- Doctor of Chiropractic (DC)
- Doctor of Optometry (OD)
- Doctor of Osteopathy (DO)
- Certified Nutrition Specialist (CNS)
- Registered Dietitian (RD)
- Mental Health Professionals
For the full list, please visit the IFM website.
On top of that, candidates must also meet the minimum educational qualifications to be accepted into the IFM Functional Medicine program. Once candidates have completed all program requirements, they become certified functional medicine practitioners.
Health Issues Treated With Integrative and Functional Medicine
Both integrative and functional medicine physicians often treat complex, chronic conditions including:
- Autoimmune diseases like Celiac disease and Hashimoto’s disease.
- Gastrointestinal problems such as Crohn’s disease, leaky gut, and irritable bowel syndrome (IBS).
- Women’s health issues such as premenstrual syndrome (PMS) and polycystic ovary syndrome (PCOS).
- Mood disorders including anxiety, depression, and chronic fatigue.
Due to the complexities of these health problems, conventional medicine alone may not give patients enough resources.
This is where integrative medicine comes in — it uses functional testing and lifestyle medicine to accurately diagnose the root cause of illness and, as a result, an effective treatment protocol.
Here’s how a functional medicine physician may diagnose and treat your condition:
- In the initial exam, the physician reviews your health and medical history and asks detailed questions to gather information about the root causes of your health problem.
- Next, your physician will make a personalized treatment plan that may include potential laboratory testing, dietary changes (and, possibly, supplements), and other lifestyle modifications.
In some cases, other types of healthcare providers may be required to achieve desired patient outcomes. For instance, a functional medicine physician may refer you to a nutrition coach to assist you with weight loss or recommend a chiropractor to address chronic pain.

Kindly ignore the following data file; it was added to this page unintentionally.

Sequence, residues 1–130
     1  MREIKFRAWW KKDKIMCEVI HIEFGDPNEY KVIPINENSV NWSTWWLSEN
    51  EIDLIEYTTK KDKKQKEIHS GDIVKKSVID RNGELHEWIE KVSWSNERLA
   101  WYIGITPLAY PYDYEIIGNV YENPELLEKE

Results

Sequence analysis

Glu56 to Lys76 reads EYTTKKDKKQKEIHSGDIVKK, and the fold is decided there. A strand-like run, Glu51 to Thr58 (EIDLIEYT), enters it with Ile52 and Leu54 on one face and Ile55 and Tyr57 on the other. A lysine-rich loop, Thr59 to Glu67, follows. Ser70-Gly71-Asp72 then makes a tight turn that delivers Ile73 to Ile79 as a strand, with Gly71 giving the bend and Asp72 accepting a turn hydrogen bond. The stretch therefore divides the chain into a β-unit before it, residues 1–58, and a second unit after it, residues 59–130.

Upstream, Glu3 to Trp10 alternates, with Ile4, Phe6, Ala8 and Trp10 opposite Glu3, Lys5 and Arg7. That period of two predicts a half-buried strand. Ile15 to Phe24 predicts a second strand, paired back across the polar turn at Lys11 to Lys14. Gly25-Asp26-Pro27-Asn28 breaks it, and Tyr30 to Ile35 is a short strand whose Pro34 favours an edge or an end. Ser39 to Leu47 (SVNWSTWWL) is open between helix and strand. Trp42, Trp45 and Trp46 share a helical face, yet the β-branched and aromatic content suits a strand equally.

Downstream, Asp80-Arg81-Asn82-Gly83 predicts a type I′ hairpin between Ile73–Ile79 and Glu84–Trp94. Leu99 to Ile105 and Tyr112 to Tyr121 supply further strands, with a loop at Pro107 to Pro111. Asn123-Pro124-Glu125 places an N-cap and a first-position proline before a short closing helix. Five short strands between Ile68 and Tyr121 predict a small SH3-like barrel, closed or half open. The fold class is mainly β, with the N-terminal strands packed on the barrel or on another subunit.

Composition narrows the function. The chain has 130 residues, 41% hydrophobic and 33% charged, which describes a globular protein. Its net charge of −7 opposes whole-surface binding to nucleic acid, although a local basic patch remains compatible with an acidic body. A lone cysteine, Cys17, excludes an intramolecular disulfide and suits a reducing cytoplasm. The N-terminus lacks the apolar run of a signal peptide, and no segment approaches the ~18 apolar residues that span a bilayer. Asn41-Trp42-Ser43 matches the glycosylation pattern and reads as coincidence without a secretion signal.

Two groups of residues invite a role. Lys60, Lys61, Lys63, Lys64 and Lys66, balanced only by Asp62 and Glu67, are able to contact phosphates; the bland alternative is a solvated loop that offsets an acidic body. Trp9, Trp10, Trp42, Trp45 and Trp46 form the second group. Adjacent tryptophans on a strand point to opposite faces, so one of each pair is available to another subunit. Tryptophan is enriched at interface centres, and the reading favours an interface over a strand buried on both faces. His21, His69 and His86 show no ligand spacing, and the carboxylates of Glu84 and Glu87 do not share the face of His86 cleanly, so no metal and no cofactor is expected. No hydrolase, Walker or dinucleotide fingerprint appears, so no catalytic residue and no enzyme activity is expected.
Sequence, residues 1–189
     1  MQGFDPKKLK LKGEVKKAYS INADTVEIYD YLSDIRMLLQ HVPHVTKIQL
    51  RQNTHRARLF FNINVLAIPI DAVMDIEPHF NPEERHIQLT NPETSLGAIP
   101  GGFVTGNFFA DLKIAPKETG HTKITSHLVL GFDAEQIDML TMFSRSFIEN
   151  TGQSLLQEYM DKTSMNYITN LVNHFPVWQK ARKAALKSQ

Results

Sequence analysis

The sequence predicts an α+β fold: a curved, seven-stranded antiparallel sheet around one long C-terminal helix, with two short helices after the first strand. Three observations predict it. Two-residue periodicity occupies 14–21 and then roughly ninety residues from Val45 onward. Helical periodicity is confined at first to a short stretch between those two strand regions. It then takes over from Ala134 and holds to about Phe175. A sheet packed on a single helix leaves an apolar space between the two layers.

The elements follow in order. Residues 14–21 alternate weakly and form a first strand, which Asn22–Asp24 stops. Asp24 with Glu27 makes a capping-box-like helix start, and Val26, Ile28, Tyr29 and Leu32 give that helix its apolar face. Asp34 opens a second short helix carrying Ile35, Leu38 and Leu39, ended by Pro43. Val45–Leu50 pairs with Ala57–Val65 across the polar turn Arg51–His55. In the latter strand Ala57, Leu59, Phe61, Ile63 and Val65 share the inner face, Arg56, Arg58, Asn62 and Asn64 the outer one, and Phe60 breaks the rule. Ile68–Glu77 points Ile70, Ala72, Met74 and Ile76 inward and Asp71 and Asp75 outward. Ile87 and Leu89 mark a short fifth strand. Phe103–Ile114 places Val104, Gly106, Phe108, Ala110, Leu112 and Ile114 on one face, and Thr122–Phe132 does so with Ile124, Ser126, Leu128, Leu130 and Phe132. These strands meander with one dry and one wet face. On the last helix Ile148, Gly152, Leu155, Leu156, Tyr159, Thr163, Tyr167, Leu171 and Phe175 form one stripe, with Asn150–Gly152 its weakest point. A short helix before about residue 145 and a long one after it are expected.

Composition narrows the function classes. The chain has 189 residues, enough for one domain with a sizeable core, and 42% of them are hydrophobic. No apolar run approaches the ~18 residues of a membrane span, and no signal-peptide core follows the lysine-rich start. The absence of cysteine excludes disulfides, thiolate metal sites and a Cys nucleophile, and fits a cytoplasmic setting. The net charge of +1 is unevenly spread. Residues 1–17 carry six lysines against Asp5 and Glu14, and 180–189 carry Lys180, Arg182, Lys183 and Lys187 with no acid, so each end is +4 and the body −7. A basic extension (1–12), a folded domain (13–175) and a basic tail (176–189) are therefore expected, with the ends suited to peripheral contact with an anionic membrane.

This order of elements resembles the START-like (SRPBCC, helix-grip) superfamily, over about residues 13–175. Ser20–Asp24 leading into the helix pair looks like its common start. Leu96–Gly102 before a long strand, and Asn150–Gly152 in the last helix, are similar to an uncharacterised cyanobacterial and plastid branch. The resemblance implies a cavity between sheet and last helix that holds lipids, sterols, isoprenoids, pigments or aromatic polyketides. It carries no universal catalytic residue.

Types of functional medical treatments include:
- Therapeutic dietary protocols like the elemental diet or the Paleo diet to identify and eliminate possible food allergies and sensitivities that trigger your symptoms.
- Targeted supplementations such as probiotics and fish oil to speed up your healing process.
- Health coaching to help patients implement healthy lifestyle changes such as diet, sleep, exercise, and self-care.
Depending on your condition, your physician may suggest one or a combination of the above methods for your treatment protocol.
Functional Medicine vs. Conventional Medicine
While functional medicine and conventional medicine overlap and are practiced by licensed healthcare providers, they have significant differences.
1. Focus on the Root Cause
First, functional medicine physicians prioritize a supportive, therapeutic relationship with their patients. They view patients as partners in their goal to improve patient health and take the time to address their concerns.
With one practitioner in charge of your medical and health details, it’s easier to form a complete and systematic picture of your health. In fact, functional medicine doesn’t rely on different doctors to treat different symptoms — it treats the body as a system and recognizes that different kinds of symptoms may share a common root cause.
For instance, if you’re experiencing gastrointestinal and skin problems at the same time, you don’t have to visit a gastroenterologist and a dermatologist separately. A functional medicine physician can help you identify the root causes behind seemingly unrelated symptoms to treat your body as a whole. This not only saves you time and money but also ensures that the root cause of health issues is addressed.